Former oil executive Mikhail Khodorkovsky was freed after serving more than ten years in prison for fraud.
Russia's president, Vladimir Putin told reporters on Thursday that he would pardon Khodorkovsky, who was seen as Putin's biggest political rival, and whose imprisonment was seen as politically motivated.
Khodorkovsky was flown to Berlin where he was reunited with family. He gave his first press conference on Sunday and told reporters he would no longer participate in politics.
In addition to Khodorkovsky's release, both jailed members of the Russian punk band Pussy Riot were released from jail under an amnesty law. The members dismissed the release as a publicity stunt ahead of the Winter Olympics in Sochi.
The women were jailed in 2012 after singing a protest song in the main cathedral of Moscow.
Pavel Khodorkovsky, Mikhail's son, joins Here & Now’s Jeremy Hobson to discuss his father's release.
"I was amazed because of how well he looks, and how energetic he is," Pavel said of seeing his father. "He is literally the man I saw 10 years ago when we last spoke in Boston, and certainly didn't bow down to the 10 years of experience in a Russian jail."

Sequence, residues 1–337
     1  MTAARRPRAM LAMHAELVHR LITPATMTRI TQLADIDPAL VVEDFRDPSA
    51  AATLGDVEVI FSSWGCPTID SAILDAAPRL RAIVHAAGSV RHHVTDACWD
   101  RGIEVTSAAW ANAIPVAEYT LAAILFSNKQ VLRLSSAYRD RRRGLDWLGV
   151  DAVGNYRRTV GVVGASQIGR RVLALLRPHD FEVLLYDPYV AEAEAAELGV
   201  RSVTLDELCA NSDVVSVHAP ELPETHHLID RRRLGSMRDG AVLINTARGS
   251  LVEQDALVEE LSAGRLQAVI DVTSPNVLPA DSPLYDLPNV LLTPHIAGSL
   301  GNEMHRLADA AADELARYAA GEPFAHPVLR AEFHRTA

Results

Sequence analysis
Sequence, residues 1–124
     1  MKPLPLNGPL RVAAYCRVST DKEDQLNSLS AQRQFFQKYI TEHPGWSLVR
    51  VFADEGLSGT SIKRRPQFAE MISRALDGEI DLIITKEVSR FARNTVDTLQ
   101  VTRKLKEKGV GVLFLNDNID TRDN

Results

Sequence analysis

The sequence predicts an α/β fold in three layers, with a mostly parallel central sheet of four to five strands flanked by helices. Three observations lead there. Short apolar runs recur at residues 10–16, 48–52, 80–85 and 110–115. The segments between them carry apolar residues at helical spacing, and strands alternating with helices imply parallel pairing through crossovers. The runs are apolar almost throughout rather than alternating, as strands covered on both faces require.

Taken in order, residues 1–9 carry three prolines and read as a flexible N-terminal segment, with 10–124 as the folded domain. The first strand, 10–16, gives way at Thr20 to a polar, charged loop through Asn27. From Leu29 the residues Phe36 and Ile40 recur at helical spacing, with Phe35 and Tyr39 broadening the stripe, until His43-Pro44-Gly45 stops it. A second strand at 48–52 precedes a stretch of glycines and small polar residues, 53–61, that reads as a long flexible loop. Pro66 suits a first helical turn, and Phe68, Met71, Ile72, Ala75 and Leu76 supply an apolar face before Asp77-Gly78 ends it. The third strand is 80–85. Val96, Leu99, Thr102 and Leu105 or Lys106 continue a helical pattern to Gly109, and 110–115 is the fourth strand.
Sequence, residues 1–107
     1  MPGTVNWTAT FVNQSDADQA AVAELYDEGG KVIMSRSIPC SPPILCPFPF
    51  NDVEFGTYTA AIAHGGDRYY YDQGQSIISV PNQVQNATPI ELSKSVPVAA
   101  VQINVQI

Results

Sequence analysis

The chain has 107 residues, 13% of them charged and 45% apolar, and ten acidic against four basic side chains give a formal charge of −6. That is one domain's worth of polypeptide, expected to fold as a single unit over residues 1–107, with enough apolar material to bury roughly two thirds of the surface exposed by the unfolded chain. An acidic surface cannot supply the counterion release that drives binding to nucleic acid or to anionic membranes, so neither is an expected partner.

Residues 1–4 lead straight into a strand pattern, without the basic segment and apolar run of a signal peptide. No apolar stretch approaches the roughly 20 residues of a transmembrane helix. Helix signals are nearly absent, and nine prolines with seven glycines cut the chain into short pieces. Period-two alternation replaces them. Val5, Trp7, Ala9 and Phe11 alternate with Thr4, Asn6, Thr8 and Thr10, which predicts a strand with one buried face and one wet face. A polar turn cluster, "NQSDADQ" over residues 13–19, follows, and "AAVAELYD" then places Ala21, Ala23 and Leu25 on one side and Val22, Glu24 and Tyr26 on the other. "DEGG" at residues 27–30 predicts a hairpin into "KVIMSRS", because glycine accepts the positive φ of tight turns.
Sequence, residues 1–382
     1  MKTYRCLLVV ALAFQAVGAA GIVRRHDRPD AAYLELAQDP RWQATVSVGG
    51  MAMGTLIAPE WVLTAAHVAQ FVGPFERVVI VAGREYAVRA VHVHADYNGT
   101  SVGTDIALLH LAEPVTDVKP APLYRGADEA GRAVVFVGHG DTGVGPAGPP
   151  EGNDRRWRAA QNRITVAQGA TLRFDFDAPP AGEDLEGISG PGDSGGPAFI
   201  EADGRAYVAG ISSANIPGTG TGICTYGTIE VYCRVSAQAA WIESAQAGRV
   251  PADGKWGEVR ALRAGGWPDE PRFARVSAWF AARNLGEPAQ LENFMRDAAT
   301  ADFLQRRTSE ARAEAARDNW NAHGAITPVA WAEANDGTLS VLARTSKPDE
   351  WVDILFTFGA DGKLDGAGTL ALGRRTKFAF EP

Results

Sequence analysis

While Pavel thinks the release of his father and the general amnesty were part of Putin's attempts to improve Russia's "public image," he does believe it is a start.
"This certainly doesn't look like it signifies more fundamental change in the way that the government is going to treat its citizens, but I would say this: it all has to start somewhere," Pavel said. "And my father himself said that he hopes he's not going to be the last political prisoner that was released in Russia. And there are many more. There is still a lot of work to be done."
- Pavel Khodorkovsky, founder of the Institute of Modern Russia and son of Mikhail Khodorkovsky.
This segment aired on December 23, 2013.
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